I like it because it stirs something in me that hopes for “big, big” help in my darkest hour, when all looks lost and no effort of mine will be enough. But that’s exactly where some of us decide to try and back off of our hero legends or faith. We rationalize and say, “…but it’s not true, and I better have more sense than to count on help like that. I don’t have that kinda luck, it’s not smart to bank on it, I need to take care of myself.” I agree, really. It’s not smart at all, but I’d still rather hope when all seems lost than just lay down and quit, or sit there and rationalize.
Truly, all the tall tales and hero stories can give us hope. Not in and of themselves (don’t know many folks willing to stake their lives on Paul Bunyan and Babe coming to rescue). But only if they point to the one story that is true, and the one hero that is all-sufficient. Because indeed we will all experience something that for many of us seems dark and freaky, or at least totally uncertain — death. No power of ours, no amount of will or strength or intellect, can put the tiniest dent in it. The only shot we have to hope for any survival with it, is the hope beyond all hope that One can come to our aid and handle it.
And I need a hero not just for death, but LIFE. We’re every day dealing with parts of life that smack of death — hate and violence that make no sense, things that strike at our hearts and those of the ones we love, things that enslave and destroy. EVEN MORE, it is often ME who contributes to those deadly things in myself and on others around me. So the greatest hope story would involve a hero that deals with death, but also with saving us daily from life, and even those deep parts of ourselves that need it.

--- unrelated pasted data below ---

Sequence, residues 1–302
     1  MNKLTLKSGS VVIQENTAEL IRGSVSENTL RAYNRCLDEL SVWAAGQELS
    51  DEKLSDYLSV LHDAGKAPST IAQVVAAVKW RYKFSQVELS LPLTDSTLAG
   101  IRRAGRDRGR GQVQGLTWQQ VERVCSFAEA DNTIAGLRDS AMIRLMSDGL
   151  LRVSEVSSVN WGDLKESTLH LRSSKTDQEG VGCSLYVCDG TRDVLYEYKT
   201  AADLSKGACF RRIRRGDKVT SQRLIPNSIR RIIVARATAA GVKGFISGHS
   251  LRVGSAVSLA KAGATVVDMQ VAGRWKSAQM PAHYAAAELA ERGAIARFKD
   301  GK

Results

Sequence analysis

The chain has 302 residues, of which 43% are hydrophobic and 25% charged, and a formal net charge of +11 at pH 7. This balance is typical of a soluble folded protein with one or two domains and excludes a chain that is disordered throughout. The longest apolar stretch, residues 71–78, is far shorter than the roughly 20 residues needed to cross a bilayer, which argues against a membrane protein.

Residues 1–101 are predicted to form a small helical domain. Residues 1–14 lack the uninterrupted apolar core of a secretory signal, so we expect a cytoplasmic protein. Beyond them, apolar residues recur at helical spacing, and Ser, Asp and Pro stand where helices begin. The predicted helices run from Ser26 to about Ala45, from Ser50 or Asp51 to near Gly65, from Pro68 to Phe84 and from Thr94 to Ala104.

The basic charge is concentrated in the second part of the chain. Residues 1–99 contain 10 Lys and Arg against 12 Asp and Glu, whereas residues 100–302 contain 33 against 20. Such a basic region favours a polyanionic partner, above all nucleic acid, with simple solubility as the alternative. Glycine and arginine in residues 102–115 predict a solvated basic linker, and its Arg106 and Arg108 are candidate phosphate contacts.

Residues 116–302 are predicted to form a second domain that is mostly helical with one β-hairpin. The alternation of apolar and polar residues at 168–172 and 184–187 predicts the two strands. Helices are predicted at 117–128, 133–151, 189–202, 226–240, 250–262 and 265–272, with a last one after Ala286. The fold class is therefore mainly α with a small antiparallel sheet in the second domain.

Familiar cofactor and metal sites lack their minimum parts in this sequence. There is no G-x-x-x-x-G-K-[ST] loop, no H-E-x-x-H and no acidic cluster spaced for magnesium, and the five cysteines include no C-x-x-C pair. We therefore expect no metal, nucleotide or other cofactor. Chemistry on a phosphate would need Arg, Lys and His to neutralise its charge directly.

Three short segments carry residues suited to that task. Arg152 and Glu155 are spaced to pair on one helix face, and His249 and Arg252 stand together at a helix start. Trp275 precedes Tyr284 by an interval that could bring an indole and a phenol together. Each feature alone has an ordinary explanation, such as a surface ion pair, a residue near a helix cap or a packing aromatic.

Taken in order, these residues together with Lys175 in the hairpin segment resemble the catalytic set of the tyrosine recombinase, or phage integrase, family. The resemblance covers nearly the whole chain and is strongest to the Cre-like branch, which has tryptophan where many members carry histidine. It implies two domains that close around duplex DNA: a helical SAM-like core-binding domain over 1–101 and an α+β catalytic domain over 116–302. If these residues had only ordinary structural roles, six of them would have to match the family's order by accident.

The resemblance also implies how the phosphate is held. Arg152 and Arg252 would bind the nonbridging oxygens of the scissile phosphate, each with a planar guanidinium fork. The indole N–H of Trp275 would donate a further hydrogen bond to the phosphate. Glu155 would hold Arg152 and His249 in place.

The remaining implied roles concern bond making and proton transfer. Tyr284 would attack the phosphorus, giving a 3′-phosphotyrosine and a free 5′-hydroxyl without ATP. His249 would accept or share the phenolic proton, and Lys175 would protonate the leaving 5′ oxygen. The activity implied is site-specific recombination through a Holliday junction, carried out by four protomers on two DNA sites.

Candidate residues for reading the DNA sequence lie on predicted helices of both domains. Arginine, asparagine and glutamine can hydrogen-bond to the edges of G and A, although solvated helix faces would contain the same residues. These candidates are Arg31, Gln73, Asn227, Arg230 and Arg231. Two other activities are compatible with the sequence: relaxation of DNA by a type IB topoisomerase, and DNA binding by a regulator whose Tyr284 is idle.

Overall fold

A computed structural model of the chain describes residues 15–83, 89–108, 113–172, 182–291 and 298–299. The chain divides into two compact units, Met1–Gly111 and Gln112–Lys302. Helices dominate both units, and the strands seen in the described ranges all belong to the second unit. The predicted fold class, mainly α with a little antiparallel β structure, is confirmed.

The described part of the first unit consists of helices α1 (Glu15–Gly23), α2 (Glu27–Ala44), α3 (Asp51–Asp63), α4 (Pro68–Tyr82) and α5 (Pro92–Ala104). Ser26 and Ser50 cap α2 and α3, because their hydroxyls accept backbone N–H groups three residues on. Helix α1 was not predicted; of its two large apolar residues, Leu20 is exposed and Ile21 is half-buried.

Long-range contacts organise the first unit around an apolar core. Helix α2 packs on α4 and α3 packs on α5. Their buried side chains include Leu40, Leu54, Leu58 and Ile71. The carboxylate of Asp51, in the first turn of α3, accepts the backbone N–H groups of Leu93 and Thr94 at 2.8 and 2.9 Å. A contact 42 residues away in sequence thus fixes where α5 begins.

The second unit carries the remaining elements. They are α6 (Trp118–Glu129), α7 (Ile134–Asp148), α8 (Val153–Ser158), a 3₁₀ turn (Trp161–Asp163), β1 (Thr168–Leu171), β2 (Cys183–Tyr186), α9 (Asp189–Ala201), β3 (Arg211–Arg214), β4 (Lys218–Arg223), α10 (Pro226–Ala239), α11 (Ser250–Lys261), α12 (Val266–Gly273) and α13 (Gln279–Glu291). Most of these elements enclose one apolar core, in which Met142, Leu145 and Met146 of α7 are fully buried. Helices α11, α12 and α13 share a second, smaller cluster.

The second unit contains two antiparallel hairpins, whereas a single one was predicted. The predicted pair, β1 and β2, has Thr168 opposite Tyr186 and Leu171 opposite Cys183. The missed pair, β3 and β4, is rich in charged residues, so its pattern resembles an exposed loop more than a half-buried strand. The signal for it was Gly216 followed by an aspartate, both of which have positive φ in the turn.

The tallest of tales, that is. Would be absurd to hope for it. But I still need it, personally. I think the world does. After all, “Christ the King” Sunday wasn’t a day ordered by Jesus, it’s a really recent development. In the early 20th century, events around the world were taking such a toll that the church saw fit to institute this day of celebration. One major component was the events unfolding in Mexico — in 1918 the nation had passed a constitution that made it pretty easy for folks to pressure and eventually persecute the church. Until the 1940s, for their faith Christians dealt with imprisonment, confiscation of property, torture and death (this was the 1940s!). And in front of the firing squad one young priest shouted out something that inspired the naming of this Sunday — “Viva Cristo Rey!” It means, “Christ the King Lives!”
So since 1925 when it was first observed in response to those events, this is the Sunday when we assert the reality of the fullness of Christ Jesus exalted above all authority in heaven and on earth. Now, no, that’s not to say that whatever our leaders and governments do is pleasing to God or sanctioned by him. For God always leaves it to us to choose for ourselves, and I’d say we jack that up most of the time. But it is to say that those authorities and rulers, and even our own authority over our own individual lives, is still ultimately subject to Jesus and will be held to account one day soon.
In the meantime, can we take a look at ours and the earth’s situation, and maybe see that nothing but heroic intervention is going to succeed here? Maybe we can start to consider that kind of hope.